Once upon a time, the sport known as the Game of Bowls was considered a subversive activity that weakened the military prowess of the British and was subject to stern penalties.
Outside Canada, it’s a little different, Club president Barbara Miller noted during a recent open house at the club, a well-manicured stretch of green grass with room for multiple games, located near Langley City’s Douglas Park at 20471 54 Ave.
“Worldwide, the average age of bowlers is about 28 years old,” Miller said .
But if you are a senior, the game is a good choice, she said.
“There’s bending and walking and stretching. Keeps you active and moving and it’s always outdoors in the nice fresh air.”
It was June 3, the very first National Bowls Day in Canada, National Health and Fitness Day and the day that the Participaction Play List, a cross-Canada promotion designed to get Canadians sampling unfamiliar sports applied the spottlight to lawn bowling, which is is number 50 on the 150 activities on the list.
About a dozen novices were trying the game for the very first time.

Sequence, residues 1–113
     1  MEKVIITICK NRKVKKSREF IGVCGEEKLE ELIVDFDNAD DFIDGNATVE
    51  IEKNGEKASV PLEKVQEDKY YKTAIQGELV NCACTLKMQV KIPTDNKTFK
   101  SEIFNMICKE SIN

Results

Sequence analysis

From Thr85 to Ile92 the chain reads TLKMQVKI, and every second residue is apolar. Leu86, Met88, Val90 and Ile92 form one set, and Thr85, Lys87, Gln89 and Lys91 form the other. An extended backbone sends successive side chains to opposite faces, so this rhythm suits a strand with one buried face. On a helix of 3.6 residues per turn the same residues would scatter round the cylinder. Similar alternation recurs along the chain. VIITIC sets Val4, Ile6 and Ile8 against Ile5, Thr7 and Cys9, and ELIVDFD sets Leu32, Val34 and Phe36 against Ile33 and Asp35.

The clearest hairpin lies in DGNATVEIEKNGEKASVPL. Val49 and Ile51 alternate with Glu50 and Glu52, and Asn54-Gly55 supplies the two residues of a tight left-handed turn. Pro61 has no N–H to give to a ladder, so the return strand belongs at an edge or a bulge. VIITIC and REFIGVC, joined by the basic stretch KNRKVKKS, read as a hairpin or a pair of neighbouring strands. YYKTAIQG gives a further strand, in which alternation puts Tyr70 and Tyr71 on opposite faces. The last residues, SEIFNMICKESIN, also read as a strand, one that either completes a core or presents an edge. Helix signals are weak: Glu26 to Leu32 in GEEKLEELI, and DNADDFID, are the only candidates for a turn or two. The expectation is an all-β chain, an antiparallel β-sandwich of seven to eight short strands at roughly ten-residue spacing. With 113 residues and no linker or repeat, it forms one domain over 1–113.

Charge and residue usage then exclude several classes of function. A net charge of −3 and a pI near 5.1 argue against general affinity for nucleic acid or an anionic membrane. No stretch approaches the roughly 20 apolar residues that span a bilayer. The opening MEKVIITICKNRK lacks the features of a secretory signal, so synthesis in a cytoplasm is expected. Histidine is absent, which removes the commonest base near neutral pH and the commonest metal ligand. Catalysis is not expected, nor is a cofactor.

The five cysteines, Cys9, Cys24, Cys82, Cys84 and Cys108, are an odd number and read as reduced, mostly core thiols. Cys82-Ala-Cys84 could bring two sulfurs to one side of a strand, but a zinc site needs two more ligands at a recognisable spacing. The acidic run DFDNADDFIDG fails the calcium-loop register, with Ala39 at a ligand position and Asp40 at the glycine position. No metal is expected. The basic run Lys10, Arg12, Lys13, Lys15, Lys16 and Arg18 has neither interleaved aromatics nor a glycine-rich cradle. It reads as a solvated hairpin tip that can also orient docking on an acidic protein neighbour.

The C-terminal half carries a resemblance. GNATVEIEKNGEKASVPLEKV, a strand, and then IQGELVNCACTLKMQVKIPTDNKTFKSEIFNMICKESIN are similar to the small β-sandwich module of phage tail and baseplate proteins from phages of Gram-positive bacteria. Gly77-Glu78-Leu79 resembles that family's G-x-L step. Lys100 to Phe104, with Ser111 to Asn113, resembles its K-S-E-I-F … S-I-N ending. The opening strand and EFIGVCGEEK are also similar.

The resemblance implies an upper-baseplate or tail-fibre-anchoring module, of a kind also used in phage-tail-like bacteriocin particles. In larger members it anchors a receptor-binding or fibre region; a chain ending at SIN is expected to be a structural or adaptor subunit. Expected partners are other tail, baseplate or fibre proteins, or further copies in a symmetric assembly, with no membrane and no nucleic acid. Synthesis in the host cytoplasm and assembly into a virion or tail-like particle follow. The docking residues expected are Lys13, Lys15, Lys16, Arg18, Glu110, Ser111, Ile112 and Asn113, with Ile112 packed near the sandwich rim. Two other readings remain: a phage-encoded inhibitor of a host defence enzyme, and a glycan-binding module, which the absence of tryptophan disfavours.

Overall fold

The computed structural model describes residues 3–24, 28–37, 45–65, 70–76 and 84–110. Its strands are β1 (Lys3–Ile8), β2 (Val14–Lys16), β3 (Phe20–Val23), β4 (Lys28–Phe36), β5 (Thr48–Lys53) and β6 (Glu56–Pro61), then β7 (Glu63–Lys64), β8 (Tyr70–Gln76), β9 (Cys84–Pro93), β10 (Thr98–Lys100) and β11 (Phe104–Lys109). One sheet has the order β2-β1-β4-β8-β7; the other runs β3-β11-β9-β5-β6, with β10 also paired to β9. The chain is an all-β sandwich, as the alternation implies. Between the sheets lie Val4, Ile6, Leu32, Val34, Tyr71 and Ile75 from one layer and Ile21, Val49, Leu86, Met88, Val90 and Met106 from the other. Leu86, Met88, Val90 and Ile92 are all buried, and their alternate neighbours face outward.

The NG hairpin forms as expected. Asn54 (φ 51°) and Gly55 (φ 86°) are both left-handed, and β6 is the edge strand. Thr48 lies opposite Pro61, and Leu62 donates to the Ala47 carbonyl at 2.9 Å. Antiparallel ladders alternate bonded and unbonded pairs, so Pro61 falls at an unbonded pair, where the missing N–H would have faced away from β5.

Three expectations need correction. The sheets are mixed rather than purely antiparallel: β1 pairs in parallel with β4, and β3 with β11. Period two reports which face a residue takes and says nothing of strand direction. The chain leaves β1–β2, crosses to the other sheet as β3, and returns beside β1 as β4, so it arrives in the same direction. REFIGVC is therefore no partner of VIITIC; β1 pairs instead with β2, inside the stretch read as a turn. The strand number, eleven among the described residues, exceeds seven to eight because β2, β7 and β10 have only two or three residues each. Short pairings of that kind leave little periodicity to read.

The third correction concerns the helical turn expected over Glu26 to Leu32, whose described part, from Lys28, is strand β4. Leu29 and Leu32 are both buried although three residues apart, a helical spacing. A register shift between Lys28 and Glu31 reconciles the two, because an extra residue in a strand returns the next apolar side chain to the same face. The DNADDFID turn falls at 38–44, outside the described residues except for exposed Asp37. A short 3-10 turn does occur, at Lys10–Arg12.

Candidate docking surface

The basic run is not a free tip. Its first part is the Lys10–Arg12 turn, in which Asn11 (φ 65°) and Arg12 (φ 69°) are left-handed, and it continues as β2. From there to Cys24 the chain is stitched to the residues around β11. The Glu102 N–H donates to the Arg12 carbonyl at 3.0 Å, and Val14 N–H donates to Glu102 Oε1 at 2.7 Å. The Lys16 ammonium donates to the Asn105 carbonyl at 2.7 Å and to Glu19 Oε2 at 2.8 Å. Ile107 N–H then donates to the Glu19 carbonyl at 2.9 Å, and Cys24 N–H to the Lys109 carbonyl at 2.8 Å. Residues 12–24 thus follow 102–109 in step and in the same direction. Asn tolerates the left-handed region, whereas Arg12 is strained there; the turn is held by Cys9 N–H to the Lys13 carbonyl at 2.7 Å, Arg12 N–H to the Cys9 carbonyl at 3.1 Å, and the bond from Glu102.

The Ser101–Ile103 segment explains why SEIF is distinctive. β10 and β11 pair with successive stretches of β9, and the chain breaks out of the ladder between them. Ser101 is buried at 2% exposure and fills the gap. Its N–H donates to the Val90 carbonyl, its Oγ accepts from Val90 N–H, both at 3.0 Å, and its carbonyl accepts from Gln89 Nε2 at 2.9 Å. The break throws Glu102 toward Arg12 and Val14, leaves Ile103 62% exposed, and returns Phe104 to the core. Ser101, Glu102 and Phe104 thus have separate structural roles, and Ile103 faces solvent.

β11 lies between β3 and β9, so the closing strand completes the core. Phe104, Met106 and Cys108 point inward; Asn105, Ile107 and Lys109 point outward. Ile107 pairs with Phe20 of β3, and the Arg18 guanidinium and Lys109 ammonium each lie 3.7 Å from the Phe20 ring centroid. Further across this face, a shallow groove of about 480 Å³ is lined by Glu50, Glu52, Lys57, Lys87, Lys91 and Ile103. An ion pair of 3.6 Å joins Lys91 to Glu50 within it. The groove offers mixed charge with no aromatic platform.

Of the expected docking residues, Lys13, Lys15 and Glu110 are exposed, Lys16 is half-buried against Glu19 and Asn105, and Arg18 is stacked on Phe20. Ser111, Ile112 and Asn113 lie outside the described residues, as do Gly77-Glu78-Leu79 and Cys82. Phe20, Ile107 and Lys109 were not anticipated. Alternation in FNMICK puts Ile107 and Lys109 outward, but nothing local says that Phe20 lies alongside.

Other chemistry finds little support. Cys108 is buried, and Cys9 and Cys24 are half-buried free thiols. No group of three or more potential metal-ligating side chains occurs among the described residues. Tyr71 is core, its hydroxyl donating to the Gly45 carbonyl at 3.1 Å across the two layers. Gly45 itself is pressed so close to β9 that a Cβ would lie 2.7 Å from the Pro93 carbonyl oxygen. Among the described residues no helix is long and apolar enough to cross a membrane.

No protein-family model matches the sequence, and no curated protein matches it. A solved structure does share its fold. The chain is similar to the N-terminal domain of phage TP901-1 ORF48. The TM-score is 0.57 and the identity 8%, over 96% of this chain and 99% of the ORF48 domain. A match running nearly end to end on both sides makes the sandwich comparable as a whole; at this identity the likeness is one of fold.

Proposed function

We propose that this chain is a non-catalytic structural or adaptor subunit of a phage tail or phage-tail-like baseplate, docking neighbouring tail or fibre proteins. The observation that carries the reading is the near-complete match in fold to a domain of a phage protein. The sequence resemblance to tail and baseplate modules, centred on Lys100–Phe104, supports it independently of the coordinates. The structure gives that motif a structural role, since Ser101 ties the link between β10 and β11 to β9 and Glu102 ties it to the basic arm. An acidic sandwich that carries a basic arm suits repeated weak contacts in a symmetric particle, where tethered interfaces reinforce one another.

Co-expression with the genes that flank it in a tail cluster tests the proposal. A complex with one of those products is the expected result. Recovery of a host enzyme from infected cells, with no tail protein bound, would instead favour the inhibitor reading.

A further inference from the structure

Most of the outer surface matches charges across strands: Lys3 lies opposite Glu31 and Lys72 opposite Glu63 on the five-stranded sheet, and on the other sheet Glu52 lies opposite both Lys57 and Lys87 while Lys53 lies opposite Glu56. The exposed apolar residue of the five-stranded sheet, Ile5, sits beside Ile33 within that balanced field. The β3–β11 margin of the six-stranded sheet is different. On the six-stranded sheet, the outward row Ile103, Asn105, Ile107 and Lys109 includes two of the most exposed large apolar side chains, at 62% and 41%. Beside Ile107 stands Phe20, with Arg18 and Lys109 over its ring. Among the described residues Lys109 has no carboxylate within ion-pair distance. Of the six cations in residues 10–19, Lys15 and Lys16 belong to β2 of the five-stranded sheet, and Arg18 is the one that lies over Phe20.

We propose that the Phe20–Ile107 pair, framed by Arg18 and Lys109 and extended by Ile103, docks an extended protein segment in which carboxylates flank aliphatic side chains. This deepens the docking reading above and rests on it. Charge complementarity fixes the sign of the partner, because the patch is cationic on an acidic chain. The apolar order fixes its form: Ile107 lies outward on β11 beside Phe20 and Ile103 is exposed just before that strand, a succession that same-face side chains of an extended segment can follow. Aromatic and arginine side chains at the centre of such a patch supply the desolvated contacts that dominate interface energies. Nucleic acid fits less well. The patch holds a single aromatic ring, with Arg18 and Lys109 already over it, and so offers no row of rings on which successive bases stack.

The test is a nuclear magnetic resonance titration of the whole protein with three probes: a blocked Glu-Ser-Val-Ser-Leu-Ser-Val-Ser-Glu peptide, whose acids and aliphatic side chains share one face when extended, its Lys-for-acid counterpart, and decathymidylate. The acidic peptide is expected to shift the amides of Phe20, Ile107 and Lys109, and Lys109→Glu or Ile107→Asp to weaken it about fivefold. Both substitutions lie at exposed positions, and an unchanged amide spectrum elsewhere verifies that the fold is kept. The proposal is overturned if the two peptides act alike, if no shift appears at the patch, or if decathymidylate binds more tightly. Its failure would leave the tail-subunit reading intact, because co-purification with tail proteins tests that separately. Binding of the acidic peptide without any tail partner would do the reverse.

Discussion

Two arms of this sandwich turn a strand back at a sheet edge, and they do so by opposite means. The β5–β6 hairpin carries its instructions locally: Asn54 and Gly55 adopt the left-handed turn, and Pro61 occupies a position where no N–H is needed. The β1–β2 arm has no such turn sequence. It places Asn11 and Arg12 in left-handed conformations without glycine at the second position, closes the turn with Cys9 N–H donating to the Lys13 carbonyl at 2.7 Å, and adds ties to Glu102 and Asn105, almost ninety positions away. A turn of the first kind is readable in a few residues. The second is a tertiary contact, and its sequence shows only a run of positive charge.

Newcomer Marie Isaac explained she was looking for options after her husband, an “avid” curler, required knee replacement surgery and had to give up the sport.
Lawn bowling could be an acceptable plan B, she thought.
“(We’re) just looking for activities that seniors, supposedly retired people, can do,” Isaac said.
After playing awhile, it was beginning to win her over.
“It looks like a group of people that enjoy being together and have fun.”
Miller told one visitor it is better to take up bowling earlier than later.
“I wish I’d started in my 40s,” she said.
“I was born in England and raised in England until I was 11 and my grandfather lawn bowled. I always said that when I retired, I would take up lawn bowling, which I did. And once I did, I regretted that I hadn’t taken it up earlier, because the earlier you start, the much better bowler you are.
“And when you want to get into competition, which I like to try and do … it’s much, much better to start earlier.”
Lawn bowling is played on a large, level surface of grass or artificial turf called the “green,” surrounded by a shallow ditch divided into separate rinks.
Between one and four people can play at a time, with the “leads” first to bowl and the “skips” going last.
The Langley Lawn Bowling Club was founded in 1979 and has been in operation since 1982, when the Douglas Park lawn bowling green was built by the City of Langley, with funding from the Langley Rotary Club and the provincial government of the day.
The club offers drop-in sessions on Tuesdays and Fridays at 6:45 p.m.
It can be reached by emailing firstname.lastname@example.org or phoning 604-514-2695 or 604-534-7465.